No Smoking Day
2,586 members31,318 posts

Are we ever really free???

I,ve so been thinking, are we really ever free of this terrible addiction? It seems to me we have so many long term quitters, do we use this forum as a sort of resolve, in our quest to stay smoke free.??? It's like I have a trap door that's bolted on the out side, if I undo it I could easily smoke I know I could while I don't want to smoke, I,m not sure if freedom ever really happens, do we fight it for ever?

I,m just wondering what our penthouse members thoughts are on this subject ?

9 Replies

Basically what Kat said, not much more to add to that if you wanted the template quit feeling after a certain length of time.


Hi Tracy I am on day 124 and I was feeling exactly like you. But recently I remembered that when I used to smoke a cigarette I really wanted to finish it I could have my next one really soon. I know that might sound stupid but it was how I was thinking.I smoked around 22 a day so obviously I wasn't lighting up straight away but that was how I felt. It's one of the things I think of now when I get a crave,and I think....what's the point I know I would want another one quickly after that one...and so on.... That's how I'm staying free...for the moment anyway.


I can sympathise with you Tracey, that was a total shocker to me. I thought we are different from people who quit drinking or using drugs. I don't believe I'll ever be truly free in that sense. On the other hand, it seems like some successfully changed their attitude and mindset, so what is not possible for some, might be for others.

All that is directly connected with Kat's thoughts - it all depends on how you approach your quit. I now see that this is my first truly serious quit and how little I knew about all this when I decided to stop smoking. I can honestly say I would probably wait a couple of more years if I knew how serious quitting is...for me! Don't get me wrong, I am glad I quit. It just gets some time getting used to, like all things in life - weather you consider them good or bad. And once you do, you reach the freedom. At least that's how I imagine it.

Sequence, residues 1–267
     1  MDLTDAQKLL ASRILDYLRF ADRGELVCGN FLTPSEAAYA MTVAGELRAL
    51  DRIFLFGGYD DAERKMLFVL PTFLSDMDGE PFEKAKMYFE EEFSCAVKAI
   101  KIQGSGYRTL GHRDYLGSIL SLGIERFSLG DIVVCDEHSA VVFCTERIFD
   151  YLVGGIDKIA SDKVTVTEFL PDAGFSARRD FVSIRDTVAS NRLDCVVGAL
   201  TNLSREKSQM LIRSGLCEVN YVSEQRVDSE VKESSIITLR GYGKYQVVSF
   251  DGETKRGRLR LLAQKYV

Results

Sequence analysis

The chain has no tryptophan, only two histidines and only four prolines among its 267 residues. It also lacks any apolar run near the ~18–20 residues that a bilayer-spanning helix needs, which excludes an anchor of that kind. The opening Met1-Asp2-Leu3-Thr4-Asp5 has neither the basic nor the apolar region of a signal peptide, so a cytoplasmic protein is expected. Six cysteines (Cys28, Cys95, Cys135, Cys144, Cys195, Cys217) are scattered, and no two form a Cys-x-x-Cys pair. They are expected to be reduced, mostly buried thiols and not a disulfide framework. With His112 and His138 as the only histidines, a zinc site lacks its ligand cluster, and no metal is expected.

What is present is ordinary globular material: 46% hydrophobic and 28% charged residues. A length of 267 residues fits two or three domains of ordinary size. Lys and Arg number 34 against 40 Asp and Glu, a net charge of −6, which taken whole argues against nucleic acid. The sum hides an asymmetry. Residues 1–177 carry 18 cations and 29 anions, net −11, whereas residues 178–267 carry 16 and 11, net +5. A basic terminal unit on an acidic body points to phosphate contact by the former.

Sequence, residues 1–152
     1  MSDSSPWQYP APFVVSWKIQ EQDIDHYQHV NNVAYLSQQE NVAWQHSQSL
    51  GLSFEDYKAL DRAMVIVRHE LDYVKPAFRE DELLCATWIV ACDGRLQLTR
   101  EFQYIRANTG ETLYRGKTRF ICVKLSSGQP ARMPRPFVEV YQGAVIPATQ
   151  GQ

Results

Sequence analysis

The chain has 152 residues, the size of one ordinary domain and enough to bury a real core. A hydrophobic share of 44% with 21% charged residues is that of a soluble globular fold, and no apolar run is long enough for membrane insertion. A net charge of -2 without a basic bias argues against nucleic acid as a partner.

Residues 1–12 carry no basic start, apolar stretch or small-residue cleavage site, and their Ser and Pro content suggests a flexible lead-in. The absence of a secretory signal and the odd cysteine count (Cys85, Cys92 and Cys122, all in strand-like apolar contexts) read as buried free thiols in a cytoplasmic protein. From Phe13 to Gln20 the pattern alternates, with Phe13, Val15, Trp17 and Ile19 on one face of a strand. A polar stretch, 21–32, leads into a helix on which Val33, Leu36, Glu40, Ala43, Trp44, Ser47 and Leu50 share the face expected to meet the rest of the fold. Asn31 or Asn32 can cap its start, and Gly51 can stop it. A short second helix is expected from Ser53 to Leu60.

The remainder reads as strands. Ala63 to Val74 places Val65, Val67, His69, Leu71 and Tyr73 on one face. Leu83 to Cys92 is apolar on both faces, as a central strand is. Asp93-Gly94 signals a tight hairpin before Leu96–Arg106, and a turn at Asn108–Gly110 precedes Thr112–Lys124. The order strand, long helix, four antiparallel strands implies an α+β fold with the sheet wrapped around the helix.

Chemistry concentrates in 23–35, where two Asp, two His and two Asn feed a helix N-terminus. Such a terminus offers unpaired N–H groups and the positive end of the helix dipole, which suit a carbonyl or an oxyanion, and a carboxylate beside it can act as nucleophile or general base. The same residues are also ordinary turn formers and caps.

I don't think we have to battle forever. I very rarely think about it now and when I do it's with a sense of relief that I don't have to do it. I think the longer your quit the more you see the true reality of smoking when you do encounter it. I find the smell on people disgusting and having to visit a 'smoking house' is now unpleasnant for the first few minutes til I get acclimatised!

I think the 'rose tinted glasses' rears it's head occasionaly and can derail a long term quit, as Kat said that cigarette on holiday appears attractive. I am still very much actively protecting myself against this one and might well be for a few years to come BUT it's not a battle like the first 3 months it's more a defensive stance and I didn't need it at all over Xmas and New Year.


Sue has put it very well when she says it is less a battle and more a defensive stance as you get further down the quit road. I'm approximately three months ahead of you Tracey and I can say without a shadow of a doubt that I know- fundamentally- that I will never smoke again. The switch in my head flipped and I can see no reason why it should ever flip back the other way. Having said that, I also know that the receptors in my brain could be reawakened all too easily if I ever let that background defensive stance slip. I think your analogy of the trap-door is an excellent one- we've succeeded in locking the door tightly shut and have no intentions of ever opening the door again, but for us former smokers the door will always be there.

I can, however, say hand on heart that any thoughts of smoking these days are extremely fleeting and (thankfully) very easy to deal with. :)


Yep you become free, you don't forget but even when I get off my face on beer there isn't a risk of me smoking. Smoking is something from a past life, a memory but not a temptation.

Quitting the forum can be a little tougher.


Bit of both Lostie, I'll drop you a PM


THANKYOU all. It is so very helpful to be for armed for the future, with more knowledge.

It would appear we all DSL with this situation differently, as I would expect, as indeed we are all very individual people.

Thanks again


I never think about smoking at all. I'm just glad I don't smoke anymore and it doesn't bother me one bit. I can be around smokers all day and I couldn't care less.

To be honest, after I hadn't smoked for about 3 weeks, it was just a relief to me. I badly didn't want to smoke while I was smoking, and as soon as I got over the main withdrawal symptoms, I was just so glad to not be doing something so harmful anymore.

I use this forum to pass the time and offer the odd bit of advice.


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